Decatur is a city in, and the county seat of, DeKalb County, Georgia that is part of the Atlanta metropolitan area. With a population of 20,148 in the 2013 census, the municipality is sometimes assumed to be larger since multiple ZIP Codes in unincorporated DeKalb County bear the Decatur name. The city is served by three MARTA rail stations. The city is located approximately 5 miles northeast of downtown Atlanta and shares its western border with Atlanta.
Decatur was established at the intersection of two Native American trails: the Sandtown, which led east from the Chattahoochee River at Utoy Creek, and the Shallowford, which follows today's Clairmont Road, and eventually crossed near Roswell. It was named for United States Navy Commodore Stephen Decatur.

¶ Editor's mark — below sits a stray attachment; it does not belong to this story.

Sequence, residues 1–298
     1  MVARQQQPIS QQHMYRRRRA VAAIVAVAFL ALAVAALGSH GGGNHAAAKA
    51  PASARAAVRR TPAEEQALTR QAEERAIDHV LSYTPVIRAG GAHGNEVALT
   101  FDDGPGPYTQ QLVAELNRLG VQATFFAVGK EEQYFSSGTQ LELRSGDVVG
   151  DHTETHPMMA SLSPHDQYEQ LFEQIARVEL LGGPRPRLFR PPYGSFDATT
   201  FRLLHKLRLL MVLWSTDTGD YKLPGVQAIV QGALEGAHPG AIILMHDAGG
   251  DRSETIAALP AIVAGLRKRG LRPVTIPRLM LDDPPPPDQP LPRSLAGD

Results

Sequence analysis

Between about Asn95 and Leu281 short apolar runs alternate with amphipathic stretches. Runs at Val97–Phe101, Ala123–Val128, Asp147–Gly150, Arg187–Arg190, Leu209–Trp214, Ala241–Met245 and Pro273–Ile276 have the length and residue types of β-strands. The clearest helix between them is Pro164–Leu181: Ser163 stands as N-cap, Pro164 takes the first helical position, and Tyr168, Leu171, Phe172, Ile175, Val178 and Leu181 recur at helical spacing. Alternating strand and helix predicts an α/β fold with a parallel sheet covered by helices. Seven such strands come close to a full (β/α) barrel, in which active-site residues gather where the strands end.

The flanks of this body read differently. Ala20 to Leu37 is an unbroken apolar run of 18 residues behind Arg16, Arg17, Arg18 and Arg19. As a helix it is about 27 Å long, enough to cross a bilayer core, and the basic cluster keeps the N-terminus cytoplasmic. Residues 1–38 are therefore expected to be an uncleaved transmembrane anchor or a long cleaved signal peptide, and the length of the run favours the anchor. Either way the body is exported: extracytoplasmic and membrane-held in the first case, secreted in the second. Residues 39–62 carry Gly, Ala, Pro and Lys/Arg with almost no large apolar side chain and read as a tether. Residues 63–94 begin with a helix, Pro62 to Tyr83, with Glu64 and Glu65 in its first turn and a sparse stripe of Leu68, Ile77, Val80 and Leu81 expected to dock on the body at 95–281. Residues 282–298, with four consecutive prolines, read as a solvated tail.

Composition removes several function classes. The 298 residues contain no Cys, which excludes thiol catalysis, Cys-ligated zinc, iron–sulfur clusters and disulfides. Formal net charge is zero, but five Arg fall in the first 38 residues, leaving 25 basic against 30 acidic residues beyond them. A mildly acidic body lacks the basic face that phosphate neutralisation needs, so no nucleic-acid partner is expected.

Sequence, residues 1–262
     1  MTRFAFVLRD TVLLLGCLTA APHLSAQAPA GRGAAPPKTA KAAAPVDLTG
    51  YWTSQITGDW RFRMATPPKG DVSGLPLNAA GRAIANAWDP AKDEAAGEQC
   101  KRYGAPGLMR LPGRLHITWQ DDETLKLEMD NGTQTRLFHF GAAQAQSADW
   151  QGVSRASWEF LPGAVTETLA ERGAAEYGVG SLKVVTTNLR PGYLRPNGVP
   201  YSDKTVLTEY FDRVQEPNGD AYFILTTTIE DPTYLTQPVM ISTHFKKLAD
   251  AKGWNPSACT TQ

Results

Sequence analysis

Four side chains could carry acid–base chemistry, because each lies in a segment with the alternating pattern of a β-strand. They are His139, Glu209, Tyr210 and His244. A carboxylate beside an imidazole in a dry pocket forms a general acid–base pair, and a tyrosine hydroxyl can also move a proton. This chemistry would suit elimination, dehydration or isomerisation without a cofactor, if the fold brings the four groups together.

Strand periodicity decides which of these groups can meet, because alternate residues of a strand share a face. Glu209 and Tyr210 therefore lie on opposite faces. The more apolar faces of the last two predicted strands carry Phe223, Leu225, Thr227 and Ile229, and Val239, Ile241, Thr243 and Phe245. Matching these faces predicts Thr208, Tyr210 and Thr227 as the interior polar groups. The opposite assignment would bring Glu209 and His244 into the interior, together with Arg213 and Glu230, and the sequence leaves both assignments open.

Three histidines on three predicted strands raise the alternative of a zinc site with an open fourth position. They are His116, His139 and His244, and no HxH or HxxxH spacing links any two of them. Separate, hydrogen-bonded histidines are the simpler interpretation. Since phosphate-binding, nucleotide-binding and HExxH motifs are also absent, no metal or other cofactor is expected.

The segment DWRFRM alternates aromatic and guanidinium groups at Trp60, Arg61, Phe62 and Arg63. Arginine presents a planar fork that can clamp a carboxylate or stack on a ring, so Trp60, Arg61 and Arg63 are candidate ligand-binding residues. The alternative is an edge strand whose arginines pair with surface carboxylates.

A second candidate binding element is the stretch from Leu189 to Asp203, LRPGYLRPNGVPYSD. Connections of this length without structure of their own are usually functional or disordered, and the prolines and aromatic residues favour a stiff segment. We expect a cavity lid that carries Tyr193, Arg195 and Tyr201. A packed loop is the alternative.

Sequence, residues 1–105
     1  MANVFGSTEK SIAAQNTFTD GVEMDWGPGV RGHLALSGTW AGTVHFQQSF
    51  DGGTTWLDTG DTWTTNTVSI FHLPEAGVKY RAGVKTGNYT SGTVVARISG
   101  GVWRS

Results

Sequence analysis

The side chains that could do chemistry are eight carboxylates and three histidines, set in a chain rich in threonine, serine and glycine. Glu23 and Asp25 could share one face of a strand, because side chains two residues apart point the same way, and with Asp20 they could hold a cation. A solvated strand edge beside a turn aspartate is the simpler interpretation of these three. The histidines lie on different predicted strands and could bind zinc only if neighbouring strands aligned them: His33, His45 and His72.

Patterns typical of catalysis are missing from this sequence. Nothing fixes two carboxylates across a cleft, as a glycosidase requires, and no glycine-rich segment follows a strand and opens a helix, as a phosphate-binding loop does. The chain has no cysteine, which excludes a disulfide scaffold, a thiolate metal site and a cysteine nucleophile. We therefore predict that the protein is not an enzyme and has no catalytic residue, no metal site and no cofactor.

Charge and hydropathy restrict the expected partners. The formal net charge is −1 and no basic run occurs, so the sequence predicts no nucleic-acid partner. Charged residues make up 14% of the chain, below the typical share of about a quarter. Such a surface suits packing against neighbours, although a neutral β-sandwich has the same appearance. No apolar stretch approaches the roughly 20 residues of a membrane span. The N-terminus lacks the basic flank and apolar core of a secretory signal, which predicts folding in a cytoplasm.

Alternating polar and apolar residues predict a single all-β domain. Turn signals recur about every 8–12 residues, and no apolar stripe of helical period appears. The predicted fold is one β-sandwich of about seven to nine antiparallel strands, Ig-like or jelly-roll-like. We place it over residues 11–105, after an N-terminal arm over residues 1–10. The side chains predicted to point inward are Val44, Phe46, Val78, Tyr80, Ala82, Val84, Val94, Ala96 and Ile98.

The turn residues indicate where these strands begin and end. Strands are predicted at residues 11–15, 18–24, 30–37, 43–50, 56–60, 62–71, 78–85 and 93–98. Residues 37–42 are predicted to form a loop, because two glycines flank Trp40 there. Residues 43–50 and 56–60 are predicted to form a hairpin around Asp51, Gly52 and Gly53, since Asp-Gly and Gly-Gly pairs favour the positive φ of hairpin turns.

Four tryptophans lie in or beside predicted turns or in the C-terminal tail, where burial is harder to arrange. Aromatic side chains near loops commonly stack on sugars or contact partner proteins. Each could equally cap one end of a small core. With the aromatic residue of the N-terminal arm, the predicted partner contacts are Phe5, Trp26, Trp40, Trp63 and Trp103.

Shallowford Road, which led to the Shallow Ford, has been renamed Clairmont Avenue, probably because it does not go to, from or past any place called Clairmont. Covington Road is now Sycamore Street, probably because it leads to Covington and has no Sycamores on it. Nelson's Ferry Road, named after the local family which ran the ferry at the Chattahoochee end of the road, has been named Ponce de Leon after a family prominent, before Castro, in Havana, Cuba.
During the American Civil War, Decatur became a strategic site in Sherman's Atlanta Campaign. In July 1864, Major-General James McPherson occupied the town to cut off the Confederates' supply line from Augusta.